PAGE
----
# Video: GCSE Mathematics Foundation Tier Pack 1 • Paper 2 • Question 17

GCSE Mathematics Foundation Tier Pack 1 • Paper 2 • Question 17

05:26

### Video Transcript

Part a) Simplify 𝑡 squared multiplied by 𝑡 cubed. Part b) Solve five minus 𝑝 equals 11. And Part c) Solve a half multiplied by 𝑚 minus three equals six.

So in part a, what we actually have is 𝑡 squared in brackets next to 𝑡 cubed in brackets. And what this actually means is 𝑡 squared multiplied by 𝑡 cubed. And therefore, to actually solve this problem, what we’re gonna have to use is one of our index laws. And the index law we’re gonna use is one that tells us that if we have 𝑥 to the power of 𝑎 multiplied by 𝑥 to the power of 𝑏, then it’s equal to 𝑥 to the power of 𝑎 plus 𝑏.

So what we do is we actually add the powers. The key to actually allow this to work — so this index rule to work — is to have the same base numbers. So we have so. We have 𝑥 and 𝑥 in our index law. And if we look to our question, our bases are actually 𝑡 and 𝑡. So we have the same base. So we can apply this law.

And when we do that, we get 𝑡 to the power of two plus three. And that’s because two was like our 𝑎 and three was like our 𝑏 and we add them together. So therefore, we’re going to get an answer of 𝑡 to the power of five. So we can say that 𝑡 squared multiplied by 𝑡 cubed fully simplified is equal to 𝑡 to the power of five.

Okay, great, but let’s have a look at why is this. So why does this work? Why does this index law solve this kind of problem? Well, we’re gonna start off by having a look at 𝑡 squared. What 𝑡 squared actually means is 𝑡 multiplied by 𝑡. And in the question, it said let’s multiply this by 𝑡 cubed. So I’ve done this and actually what I’ve got now is 𝑡 multiplied by 𝑡 — so our 𝑡 squared — then multiply it by 𝑡 multiplied by 𝑡 multiplied by 𝑡, our 𝑡 cubed. So as we can see, we actually have now five 𝑡s. And they’re actually all multiplied together, which gives us 𝑡 to the power of five.

So now, we can see why this index law works. Okay, great, let’s move on to part b. So in part b, we’re trying to solve an equation. So we have five minus 𝑝 is equal to 11.

Now, the first stage in order to do that is to actually add on 𝑝. And the reason we’re doing that is because first of all we want to make the 𝑝 positive because it’s easier to deal with. And it also means that actually there’s less chance of making an error with negative numbers. Then, this gives us five is equal to 11 plus 𝑝. And that’s because if we have negative 𝑝 plus 𝑝, it gives us just a zero. So that’s why the left-hand side is just five and then we just add 𝑝 to the right-hand side.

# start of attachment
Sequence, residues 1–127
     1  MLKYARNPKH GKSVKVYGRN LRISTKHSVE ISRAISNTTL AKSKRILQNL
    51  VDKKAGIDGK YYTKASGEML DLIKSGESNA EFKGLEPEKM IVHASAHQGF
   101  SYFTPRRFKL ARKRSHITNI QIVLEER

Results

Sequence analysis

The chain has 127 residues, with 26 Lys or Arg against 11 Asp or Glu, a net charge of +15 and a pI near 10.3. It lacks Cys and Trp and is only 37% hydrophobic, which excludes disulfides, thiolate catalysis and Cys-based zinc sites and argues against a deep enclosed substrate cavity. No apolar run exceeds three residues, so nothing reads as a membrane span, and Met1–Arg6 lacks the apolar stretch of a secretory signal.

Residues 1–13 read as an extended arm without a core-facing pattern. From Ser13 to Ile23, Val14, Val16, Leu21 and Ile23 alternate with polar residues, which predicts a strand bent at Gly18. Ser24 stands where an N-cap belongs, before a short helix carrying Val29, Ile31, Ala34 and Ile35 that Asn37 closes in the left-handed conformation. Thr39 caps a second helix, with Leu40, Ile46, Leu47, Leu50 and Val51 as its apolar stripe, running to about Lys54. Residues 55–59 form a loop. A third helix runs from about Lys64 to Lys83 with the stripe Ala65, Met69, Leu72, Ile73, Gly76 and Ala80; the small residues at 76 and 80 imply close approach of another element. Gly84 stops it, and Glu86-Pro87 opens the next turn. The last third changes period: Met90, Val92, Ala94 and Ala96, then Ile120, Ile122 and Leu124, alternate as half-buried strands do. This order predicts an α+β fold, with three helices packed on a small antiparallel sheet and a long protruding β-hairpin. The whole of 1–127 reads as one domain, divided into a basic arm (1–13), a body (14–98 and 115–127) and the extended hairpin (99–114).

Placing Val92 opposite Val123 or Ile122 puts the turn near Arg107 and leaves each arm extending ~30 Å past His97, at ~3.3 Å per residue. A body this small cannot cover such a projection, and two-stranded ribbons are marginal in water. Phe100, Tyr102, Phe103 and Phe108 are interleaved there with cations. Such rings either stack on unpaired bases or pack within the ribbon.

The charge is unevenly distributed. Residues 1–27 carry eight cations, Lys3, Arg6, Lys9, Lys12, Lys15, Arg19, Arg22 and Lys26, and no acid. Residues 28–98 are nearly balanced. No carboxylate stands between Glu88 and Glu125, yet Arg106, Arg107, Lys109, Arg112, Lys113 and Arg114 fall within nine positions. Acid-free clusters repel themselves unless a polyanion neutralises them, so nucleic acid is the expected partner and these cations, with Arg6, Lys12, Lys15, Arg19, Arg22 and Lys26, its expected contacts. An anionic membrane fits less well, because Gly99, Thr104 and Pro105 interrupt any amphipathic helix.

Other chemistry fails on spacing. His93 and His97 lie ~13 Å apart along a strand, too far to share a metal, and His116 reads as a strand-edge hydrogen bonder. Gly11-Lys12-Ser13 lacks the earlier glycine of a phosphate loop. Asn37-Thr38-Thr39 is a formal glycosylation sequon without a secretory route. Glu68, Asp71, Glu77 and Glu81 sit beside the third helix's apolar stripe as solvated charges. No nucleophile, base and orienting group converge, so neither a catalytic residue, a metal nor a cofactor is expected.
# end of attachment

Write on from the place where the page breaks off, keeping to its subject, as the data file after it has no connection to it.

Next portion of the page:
So now, to actually find the value of 𝑝, what we need to do is actually leave the 𝑝 on its own. And to do that, what we’re gonna do is actually subtract 11 from each side of the equation. Therefore, if we do that, we get negative six is equal to 𝑝. And that’s because five minus 11 gives us negative six. And if we have 11 plus 𝑝 and then we subtract 11 from that, we just get left with our 𝑝.

It’s also worth mentioning at this point when we take 11 away from five, I said we got to negative six. And a quick way of doing that if you’re not quite sure with the negative numbers is if you think, well, we take five away to get to zero, then there’s still six left from 11. So you take that six away. We get to negative six. Okay, great, so we can now say that the solution to five minus 𝑝 equals 11 is 𝑝 is equal to negative six.

What we can now do though is actually carry out a check to make sure that we’ve actually got the correct answer. And to do that, we actually substitute 𝑝 is equal to negative six back into the original equation. And when we do that, we get five minus negative six because negative six without 𝑝 is equal to 11.

And then, we need to remember that if we actually subtract a negative, that’s gonna give us a positive. So five minus negative six is gonna be the same as five add six. So then, that leaves us with five plus six is equal to 11, which is great cause it’s the same as we had in the original equation. So therefore, we can say you fully checked, we know that 𝑝 is equal to negative six.

Okay, now, let’s move on to part c. So now, in part c, what we want to do is solve a half multiplied by 𝑚 minus three equals six. And the first step is going to be multiplying both sides of the equation by two. And that’s because we’ve got a half 𝑚 minus three. So therefore, if we have a half multiplied by two, we’ll just get 𝑚 minus three. So it’s easier to deal with.

But of course, whatever we do to this side of the equation, we must do to the other side of the equation. So now, when we’ve actually done that and multiplied both sides of the equation by two, we get 𝑚 minus three is equal to 12. So now, it’s actually the value of 𝑚 that we’re looking to find.

So now, as we want to do that, what we’re gonna do is actually add three to each side of the equation. The reason we do that is because if we add three to negative three we get zero, so then it will leave 𝑚 on its own. And as we said before, whatever you do to one side, we gotta do to the other side of the equation. So when we do that, we get 𝑚 is equal to 15. And that’s because 12 add three is equal to 15.

So now, we found the solution to a half 𝑚 minus three equals six and that is 𝑚 is equal to 15. Well, what we can do now — like we’ve done before — is actually check to make sure this is correct. And the way we do that is by substituting in 𝑚 is equal to 15 back into the original equation. And when we do that, we get a half multiplied by 15 minus three is equal to six. So then, what we get is a half multiplied by 12 is equal to six. Well, this means half of 12 is six. So yes, this is correct. And it’s the same value that we got with the original equation.

So we can say that we’ve now solved part a, b, and c. And the answers are 𝑡 to the power of five, 𝑝 equals negative six, and 𝑚 equals 15, respectively.